Who would love Billionaire Boy?

If you’re thinking about taking the family to see a show over the festive season or beyond, Billionaire Boy is certainly worth considering. It kept us entertained from start to finish and was definitely worth keeping the boy up late on a school night. The show is suitable for ages 7 and up and especially fun for pre-teens. Younger children may struggle to keep up with the pace but there’s plenty for parents and grandparents to enjoy too. 

Roni attended the press night performance of David Walliams Billionaire Boy at The Richmond Theatre on 30th October 2019. All opinions are her own.

Here’s where to see Billionaire Boy on tour around the UK : 

  • Richmond Theatre – 30 October – 2 November 2019
  • Darlington Hippodrome – 6 – 10 November 2019
  • Orchard Theatre, Dartford – 13 – 16 November 2019
  • The Alexandra Theatre, Birmingham – 20 – 23 November 2019
  • New Theatre, Oxford – 4 – 7 December 2019
  • Bloomsbury Theatre – 14 December 2019 – 5 January 2020
  • King’s Theatre, Glasgow –  15 -19 January 2020
  • Cliff’s Pavilion, Southend –  23 – 26 Jan 2020
  • The Churchill Theatre, Bromley – 29 January – 2 February 2020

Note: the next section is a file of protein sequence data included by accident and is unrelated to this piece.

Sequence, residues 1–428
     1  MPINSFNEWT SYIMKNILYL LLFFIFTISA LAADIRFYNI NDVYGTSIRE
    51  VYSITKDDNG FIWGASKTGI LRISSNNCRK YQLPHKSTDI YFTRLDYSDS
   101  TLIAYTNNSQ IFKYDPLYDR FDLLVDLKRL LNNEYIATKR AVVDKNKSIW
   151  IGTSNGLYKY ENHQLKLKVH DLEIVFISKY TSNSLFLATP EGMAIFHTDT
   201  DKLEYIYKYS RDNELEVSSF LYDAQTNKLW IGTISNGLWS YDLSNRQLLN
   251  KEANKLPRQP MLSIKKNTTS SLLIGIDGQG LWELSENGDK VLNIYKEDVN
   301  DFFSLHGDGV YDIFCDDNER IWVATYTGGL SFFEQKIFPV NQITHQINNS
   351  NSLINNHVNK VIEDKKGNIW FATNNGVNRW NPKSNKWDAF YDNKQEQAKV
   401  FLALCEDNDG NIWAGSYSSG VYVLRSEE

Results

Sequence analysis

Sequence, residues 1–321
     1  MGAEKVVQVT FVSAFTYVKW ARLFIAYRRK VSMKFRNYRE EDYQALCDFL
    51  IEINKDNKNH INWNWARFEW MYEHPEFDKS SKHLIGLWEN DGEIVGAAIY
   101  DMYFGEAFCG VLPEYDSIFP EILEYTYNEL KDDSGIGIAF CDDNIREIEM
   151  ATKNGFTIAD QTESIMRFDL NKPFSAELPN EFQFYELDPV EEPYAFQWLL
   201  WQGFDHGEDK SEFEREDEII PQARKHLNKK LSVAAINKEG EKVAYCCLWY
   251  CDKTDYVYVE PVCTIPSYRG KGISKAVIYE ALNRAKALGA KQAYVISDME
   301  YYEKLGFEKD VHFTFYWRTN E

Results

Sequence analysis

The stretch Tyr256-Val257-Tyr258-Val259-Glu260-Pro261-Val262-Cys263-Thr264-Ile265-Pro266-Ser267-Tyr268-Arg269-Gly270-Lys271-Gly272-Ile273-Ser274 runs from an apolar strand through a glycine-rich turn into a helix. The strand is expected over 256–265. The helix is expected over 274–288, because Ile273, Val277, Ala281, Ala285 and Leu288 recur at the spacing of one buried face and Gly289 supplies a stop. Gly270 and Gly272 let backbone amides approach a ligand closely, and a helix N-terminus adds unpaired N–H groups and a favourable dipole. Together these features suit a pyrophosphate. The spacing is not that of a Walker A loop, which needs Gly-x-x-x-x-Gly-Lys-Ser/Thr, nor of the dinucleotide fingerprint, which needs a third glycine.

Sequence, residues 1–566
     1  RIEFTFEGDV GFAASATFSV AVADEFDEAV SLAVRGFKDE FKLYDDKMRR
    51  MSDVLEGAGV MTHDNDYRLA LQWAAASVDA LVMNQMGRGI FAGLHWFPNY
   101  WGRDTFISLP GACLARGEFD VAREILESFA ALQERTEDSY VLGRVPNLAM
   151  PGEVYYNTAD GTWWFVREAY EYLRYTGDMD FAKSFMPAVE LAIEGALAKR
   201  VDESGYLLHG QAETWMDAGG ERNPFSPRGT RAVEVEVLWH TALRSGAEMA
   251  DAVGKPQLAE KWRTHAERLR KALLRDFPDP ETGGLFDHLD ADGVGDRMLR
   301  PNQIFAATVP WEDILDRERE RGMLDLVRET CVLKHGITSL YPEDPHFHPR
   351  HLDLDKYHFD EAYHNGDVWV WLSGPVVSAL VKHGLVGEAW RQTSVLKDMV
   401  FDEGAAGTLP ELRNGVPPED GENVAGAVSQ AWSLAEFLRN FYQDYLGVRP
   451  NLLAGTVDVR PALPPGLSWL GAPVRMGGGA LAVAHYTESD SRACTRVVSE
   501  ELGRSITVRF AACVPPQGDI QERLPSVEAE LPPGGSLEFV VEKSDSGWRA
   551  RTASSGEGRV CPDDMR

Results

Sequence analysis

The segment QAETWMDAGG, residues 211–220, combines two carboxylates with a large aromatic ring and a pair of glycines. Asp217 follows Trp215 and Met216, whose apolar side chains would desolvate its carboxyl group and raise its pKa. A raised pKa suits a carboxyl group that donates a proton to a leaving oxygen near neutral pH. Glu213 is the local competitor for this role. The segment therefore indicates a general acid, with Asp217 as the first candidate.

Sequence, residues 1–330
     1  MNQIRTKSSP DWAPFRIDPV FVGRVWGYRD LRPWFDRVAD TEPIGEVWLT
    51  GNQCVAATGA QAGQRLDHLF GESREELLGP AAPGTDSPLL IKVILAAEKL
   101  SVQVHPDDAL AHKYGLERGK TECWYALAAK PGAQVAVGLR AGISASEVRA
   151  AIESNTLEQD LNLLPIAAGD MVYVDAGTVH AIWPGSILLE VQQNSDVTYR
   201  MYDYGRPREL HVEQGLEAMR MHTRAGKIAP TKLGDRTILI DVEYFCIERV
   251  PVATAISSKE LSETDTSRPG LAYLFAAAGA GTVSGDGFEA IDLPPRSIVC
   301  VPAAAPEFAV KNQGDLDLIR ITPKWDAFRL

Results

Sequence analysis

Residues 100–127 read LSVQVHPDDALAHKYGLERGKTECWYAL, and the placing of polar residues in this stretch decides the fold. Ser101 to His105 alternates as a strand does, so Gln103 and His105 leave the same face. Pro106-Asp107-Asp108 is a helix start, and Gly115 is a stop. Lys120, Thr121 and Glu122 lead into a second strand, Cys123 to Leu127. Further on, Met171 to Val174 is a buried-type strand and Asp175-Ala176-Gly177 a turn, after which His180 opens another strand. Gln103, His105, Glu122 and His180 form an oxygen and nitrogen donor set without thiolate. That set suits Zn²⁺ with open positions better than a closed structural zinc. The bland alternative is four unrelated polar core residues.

• Olympia Theatre, Dublin – 5 – 9 February 2020
  • Hertford Theatre –  12 – 16 February 2020
  • Theatre Royal Windsor – 19 – 22 February 2020
  • Eden Court, Inverness – 26 – 29 February 2020
  • De Montfort Hall, Leicester – 4 – 8 March 2020
  • Winter Gardens Blackpool – 11 – 15 March 2020
  • New Theatre, Peterborough – 18 – 22 Mar 2020
  • His Majesty’s Theatre, Aberdeen –  25 – 28 March 2020
  • The Alhambra Theatre, Bradford – 31 March – 4 April 2020
  • Theatre Royal Plymouth – 7 – 11 April 2020
  • Buxton Opera House – 14 – 18 April 2020
  • Belgrade Theatre, Coventry – 22 – 25 April 2020
  • Pavilion Theatre, Worthing – 30 April – 3 May 2020
  • Grand Opera House York – 6 May – 9 May 2020
  • Theatre Severn Shrewsbury – 14 – 17 May 2020
  • Liverpool Empire – 27 – 31 May 2020
  • Theatre Royal Nottingham – 10 – 14 Jun 2020
  • Opera House Manchester 8 – 11 July 2020
  • Theatre Royal, Norwich – 22 – 25 July 2020
  • Playhouse Theatre Edinburgh – 10 – 12 September 2020
  • Sands Centre, Carlisle – 14 – 18 October 2020
  • Bristol Hippodrome – 21 – 24 October 2020
  • Milton Keynes Theatre 4 – 7 November 2020


More festive activities with kids

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Outdoor activities to do in winter


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About Ronita Dutta

Former BritMums Brilliance in Blogging judge and award-winning freelance journalist with over 20 years experience producing engaging content for clients including BBC Studios, The Independent and Penguin. She’s written on a diverse range of subjects from health and beauty to parenting, education, psychology and even the weather. Daughter of Bengali immigrants, Ronita was born and bred in London where she and her son can often be found building endless Lego creations.